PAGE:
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Analysis: China, the only respite for crude sellers

Singapore — As the world faces unprecedented destruction in oil demand brought about by the coronavirus pandemic, China has in recent weeks emerged to be the only respite for crude sellers seeking to offload their cargoes, market sources told S&P Global Platts this week.

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Chinese refineries have been ramping up run rates as travel restrictions are eased and lockdowns lifted within the country, allowing manufacturing and production to gradually resume since late March, the sources said.

In April, China's planned crude run for the month was expected to recover to about 12.5 million b/d, taking nearly two months to reach about 90% of the level achieve in January after falling by about 3.3 million b/d in February, S&P Global Platts' survey showed.

The throughput recovery is expected to lower the current crude inventory and free up more tanks to store cheaper crudes, while waiting for China's product demand to emerge from the bottom.

As a result, crude imports are expected to rise above 10 million b/d in the coming months from the eight-month low of 9.7 million b/d in March, a Beijing-based analyst said.

With major refineries in most parts of Asia, including India, Indonesia, Thailand and Malaysia reducing run rates as demand for products slowed to a crawl, most crude sellers are looking to ship their cargoes to China, industry sources said.

S&P Global Platts Analytics said in a report that it expected Asia's refinery runs to drop by 4 million b/d in the second-quarter.

"Only China is buying right now, " a Singapore-based crude trading source said.

For regional crude grades in Asia, market sources said that spot buying had thinned since the beginning of the year as end-user demand has all but disappeared. However, trading houses continue to buy limited volumes from the spot market on hopes of selling these cargoes later, if and when demand and prices improve, market sources said.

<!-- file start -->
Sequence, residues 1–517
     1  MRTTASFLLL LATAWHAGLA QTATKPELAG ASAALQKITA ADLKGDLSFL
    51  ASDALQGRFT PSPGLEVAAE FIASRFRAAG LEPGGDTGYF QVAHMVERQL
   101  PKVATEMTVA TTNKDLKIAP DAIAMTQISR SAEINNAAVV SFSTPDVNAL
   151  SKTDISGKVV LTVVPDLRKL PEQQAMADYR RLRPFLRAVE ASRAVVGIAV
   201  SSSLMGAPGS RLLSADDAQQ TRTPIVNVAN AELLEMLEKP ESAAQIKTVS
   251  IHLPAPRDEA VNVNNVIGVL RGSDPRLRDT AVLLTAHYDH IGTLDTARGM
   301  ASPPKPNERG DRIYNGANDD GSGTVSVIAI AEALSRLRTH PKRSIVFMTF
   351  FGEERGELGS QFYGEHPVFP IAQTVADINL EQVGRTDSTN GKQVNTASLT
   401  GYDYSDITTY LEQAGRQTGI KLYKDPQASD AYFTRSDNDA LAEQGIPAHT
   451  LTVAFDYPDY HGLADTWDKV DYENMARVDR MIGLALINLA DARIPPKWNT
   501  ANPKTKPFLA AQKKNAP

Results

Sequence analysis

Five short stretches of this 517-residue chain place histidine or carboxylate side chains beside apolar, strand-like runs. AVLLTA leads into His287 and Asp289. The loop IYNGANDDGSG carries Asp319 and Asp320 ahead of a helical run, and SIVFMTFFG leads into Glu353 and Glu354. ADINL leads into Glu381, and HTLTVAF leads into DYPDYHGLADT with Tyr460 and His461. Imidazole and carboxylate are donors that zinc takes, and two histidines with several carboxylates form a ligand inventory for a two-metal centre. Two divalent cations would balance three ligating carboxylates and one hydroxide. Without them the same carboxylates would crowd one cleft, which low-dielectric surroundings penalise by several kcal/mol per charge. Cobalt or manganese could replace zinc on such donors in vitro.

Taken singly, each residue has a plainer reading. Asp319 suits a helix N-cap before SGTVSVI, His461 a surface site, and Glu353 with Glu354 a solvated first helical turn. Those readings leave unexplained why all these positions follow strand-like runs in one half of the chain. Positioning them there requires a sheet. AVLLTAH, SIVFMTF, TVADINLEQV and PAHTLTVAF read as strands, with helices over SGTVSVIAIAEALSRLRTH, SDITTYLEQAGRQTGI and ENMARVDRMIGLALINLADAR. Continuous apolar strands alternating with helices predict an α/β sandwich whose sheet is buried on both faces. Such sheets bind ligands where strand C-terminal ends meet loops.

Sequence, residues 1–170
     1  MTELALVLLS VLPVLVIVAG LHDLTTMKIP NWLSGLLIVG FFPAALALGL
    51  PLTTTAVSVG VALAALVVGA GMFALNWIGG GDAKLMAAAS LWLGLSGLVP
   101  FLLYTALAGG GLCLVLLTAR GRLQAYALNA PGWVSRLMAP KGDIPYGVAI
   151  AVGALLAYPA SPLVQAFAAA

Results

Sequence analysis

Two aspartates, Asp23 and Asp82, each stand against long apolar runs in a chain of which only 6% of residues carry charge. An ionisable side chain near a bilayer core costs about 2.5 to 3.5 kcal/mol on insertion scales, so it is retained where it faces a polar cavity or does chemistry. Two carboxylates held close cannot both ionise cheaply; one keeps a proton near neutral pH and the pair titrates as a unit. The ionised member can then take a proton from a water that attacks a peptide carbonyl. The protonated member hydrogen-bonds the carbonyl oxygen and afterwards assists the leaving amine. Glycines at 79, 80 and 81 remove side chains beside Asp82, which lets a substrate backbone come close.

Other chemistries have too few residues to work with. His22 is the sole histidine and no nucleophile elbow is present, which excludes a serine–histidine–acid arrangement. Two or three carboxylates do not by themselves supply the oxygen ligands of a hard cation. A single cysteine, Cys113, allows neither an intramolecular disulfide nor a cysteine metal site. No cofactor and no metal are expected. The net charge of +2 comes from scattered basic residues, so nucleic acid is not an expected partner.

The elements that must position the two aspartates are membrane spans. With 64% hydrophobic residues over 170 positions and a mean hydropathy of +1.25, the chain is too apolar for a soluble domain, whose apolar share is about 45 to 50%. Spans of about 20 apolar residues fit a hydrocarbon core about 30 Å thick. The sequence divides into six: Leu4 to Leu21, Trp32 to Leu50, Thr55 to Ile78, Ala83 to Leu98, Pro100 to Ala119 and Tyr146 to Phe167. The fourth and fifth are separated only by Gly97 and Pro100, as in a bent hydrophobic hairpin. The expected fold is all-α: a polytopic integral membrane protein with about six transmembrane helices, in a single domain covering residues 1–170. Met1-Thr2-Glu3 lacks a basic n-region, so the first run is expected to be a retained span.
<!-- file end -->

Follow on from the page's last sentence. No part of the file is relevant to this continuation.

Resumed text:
Traders who continue to purchase these regional crude cargoes also noted that the only outlet for them was to either store the cargoes or ship them to China.

"Cargoes are either going to Chinese national oil companies or the independent refineries," another crude trader based in Singapore said. "There is not much demand elsewhere," the trader added.


Chinese refineries, both state-owned and independent, are spoiled for choice with the abundance of crude grades seeking homes globally, market sources said.

"Chinese independent refiners are now open to buying anything. Anything that is economically competitive," a China-based crude trader said.

Grades like the Guyana offshore crude, Liza, North Sea's Chestnut and Balder crude, and even Siberian Light crude, which usually does not leave the Mediterranean region, are making its way to China.

US crude grades, which were previously absent from independent refineries' list of crude purchases, have reportedly been flowing into China too, traders said.

China's independent refinery Luqing Petrochemical has imported 1 million barrels of Liza crude from Guyana for July delivery at a discount of about $7.50/b to ICE Brent futures, on a DES basis, the first cargo of the Latin American crude to enter the China market, market sources said this week.

Luqing also booked other crude grades from the North Sea, including Balder and Chestnut, at discounts of around $7.30-$7.50/b to ICE Brent Futures for June or July delivery, they added.

Independent refiners also took at least two cargoes of US sour crude grade Mars at a discount of $8-$9/b to ICE Brent for July delivery into China, refining sources said.

Meanwhile, crude from the Saudi-Kuwaiti Neutral Zone, which has only started production in recent months, was on its way to South China's Shuidong Port on the Dar Salwa, where state-owned Sinopec's Maoming Petrochemical is located, according to cFlow, Platts trade-flow software.

Availability of cheap barrels could ease China's appetite for its favorite grades, including Russia's ESPO crude and Brazil's Lula crude, traders said.

"[China's] refineries don't really care [about the type of crude] as long as the price is competitive," the China-based crude trader said.